RETRO REVIEW: “The Magic Mousetrap”

Our series of Retro Reviews resumes with Matthew Sweet’s brilliant “The Magic Mousetrap”. This review will contain spoilers, so read on at your own risk!

Directed by Ken Bentley, this is a twisty-turny story taking place in a sanatorium atop a Swiss mountain. A group of mysterious strangers have been gathered together to play seemingly endless games, and a strange couple live up in the attic, orchestrating the whole thing. Puzzling but innovative, the plot is unlike any other in a Big Finish story, and for this I commend Matthew Sweet no end.

This story also sees the return of the Celestial Toymaker, in his first appearance in a Big Finish audio. This time taking on the appearance of a ventriloquist’s dummy, the Toymaker is a delightfully sinister presence throughout the story, bending events to his will and manipulating the inhabitants of the sanatorium to fit his plans.

Sylvester McCoy gets to play rather a different side to the Doctor in this story, which he does with flair. It’s nice that, for once, he has no idea what’s going on (and, for much of the earlier parts of the story, no idea who he is!); instead, it’s Ace and Hex who are in charge here. Or so it seems…

It’s a credit to their acting skills that I didn’t realise it was Sophie Aldred and Philip Olivier speaking until they broke character as Bunty and Bobo in the middle of part two. Both of them put across a great performance in this story, simultaneously taking charge of the situation and out of their depth. Hex’s admission that it feels wrong to deceive the Doctor was particularly well played.

The guest cast in this story are all fantastic too, bringing their characters to life wonderfully. From Joan Walker‘s husky-voiced cabaret singer Lola Luna to Nadine Lewington‘s chipper and immediately likeable Queenie Glasscock, each and every one of the supporting characters is well-written and adds to the story in such a way that there would be something missing without them.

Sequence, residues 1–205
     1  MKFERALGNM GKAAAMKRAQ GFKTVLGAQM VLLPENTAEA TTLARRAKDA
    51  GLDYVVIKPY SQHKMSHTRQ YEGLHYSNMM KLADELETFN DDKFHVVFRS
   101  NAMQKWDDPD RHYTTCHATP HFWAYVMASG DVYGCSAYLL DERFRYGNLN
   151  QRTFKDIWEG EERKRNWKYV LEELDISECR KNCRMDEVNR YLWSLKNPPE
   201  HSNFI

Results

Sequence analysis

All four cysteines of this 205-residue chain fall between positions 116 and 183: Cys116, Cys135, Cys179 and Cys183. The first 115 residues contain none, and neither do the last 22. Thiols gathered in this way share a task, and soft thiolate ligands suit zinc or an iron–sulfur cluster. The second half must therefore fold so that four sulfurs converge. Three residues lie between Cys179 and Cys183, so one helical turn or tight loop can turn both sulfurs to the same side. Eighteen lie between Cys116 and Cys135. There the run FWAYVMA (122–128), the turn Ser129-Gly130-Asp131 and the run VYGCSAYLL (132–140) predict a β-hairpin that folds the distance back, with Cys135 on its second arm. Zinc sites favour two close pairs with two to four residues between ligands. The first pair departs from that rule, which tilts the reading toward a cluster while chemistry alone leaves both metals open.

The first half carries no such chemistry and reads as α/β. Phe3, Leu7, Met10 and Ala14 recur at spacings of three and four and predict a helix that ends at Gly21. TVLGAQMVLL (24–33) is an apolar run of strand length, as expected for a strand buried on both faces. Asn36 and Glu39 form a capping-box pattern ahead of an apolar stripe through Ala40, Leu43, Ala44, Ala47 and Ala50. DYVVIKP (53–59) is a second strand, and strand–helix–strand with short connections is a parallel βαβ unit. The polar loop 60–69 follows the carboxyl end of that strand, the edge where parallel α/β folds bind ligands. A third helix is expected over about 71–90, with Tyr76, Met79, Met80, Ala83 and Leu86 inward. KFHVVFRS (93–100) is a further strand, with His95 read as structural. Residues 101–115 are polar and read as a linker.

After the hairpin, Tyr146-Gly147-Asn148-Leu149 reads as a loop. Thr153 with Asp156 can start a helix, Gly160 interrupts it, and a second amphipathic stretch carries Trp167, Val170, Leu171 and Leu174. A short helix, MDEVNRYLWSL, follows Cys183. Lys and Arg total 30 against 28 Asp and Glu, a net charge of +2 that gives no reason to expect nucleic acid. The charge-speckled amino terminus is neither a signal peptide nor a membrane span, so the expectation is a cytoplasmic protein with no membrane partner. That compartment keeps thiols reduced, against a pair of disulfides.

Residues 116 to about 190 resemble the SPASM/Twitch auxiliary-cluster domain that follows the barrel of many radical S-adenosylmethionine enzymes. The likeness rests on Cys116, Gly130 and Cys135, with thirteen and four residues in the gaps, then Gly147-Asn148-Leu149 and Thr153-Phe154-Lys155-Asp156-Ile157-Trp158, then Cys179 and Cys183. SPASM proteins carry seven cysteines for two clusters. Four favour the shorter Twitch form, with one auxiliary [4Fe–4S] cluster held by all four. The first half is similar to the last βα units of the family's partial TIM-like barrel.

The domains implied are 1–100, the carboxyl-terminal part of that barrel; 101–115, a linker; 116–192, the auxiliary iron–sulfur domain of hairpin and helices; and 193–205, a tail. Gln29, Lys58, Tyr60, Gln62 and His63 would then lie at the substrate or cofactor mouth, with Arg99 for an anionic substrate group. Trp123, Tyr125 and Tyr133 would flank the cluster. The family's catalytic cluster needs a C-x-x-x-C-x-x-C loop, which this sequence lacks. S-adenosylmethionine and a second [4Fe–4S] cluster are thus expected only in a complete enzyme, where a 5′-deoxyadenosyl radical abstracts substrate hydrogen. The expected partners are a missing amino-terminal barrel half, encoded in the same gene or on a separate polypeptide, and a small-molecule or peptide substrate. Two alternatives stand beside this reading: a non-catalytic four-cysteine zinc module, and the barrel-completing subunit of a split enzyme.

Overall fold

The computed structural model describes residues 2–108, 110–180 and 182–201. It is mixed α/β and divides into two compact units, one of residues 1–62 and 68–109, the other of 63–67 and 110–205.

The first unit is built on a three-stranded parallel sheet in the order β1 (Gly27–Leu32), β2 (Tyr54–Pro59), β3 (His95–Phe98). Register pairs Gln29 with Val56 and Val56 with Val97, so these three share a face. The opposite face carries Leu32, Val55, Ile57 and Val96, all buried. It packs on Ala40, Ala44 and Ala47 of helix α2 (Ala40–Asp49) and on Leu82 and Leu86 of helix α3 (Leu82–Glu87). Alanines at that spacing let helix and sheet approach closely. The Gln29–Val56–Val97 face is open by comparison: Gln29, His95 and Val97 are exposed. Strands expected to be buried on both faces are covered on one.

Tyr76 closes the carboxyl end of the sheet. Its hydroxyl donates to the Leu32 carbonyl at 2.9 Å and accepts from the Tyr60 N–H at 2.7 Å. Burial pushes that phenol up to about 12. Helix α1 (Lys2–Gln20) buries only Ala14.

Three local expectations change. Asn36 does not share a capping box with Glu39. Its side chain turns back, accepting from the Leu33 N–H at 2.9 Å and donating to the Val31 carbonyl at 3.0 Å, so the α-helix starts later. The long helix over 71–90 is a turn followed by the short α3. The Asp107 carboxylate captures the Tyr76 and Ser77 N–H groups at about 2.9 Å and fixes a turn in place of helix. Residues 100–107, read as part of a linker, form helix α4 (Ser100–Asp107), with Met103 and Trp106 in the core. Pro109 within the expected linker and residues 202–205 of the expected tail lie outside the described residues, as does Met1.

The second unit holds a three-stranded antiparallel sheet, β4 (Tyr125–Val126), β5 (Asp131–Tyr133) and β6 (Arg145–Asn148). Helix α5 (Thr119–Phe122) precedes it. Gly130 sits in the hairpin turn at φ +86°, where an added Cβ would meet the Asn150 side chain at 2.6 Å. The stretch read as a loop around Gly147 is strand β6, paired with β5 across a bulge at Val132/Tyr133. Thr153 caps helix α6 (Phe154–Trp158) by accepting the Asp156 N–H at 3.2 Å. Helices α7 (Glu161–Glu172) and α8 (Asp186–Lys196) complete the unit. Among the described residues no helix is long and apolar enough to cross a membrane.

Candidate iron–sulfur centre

The sound design by Richard Fox and Lauren Yason is particularly strong in this release. One of the highlights of the story was the avalanche in part two, which is realised wonderfully by the sound designers, but the attention to the slightest detail all throughout the piece, such as Lola’s whistling whenever she speaks and the clicking of the dummy’s mouth with every syllable, is also impressive.

Final Thoughts

All in all, The Magic Mousetrap is a beguiling, mysterious and thrilling story that is truly unlike any other I have heard in the Doctor Who universe. All the cast give their all- and rightly so, with such a great script- and the sound design and music are top notch.

Highly recommended.

The Magic Mousetrap is available on CD or as a download from

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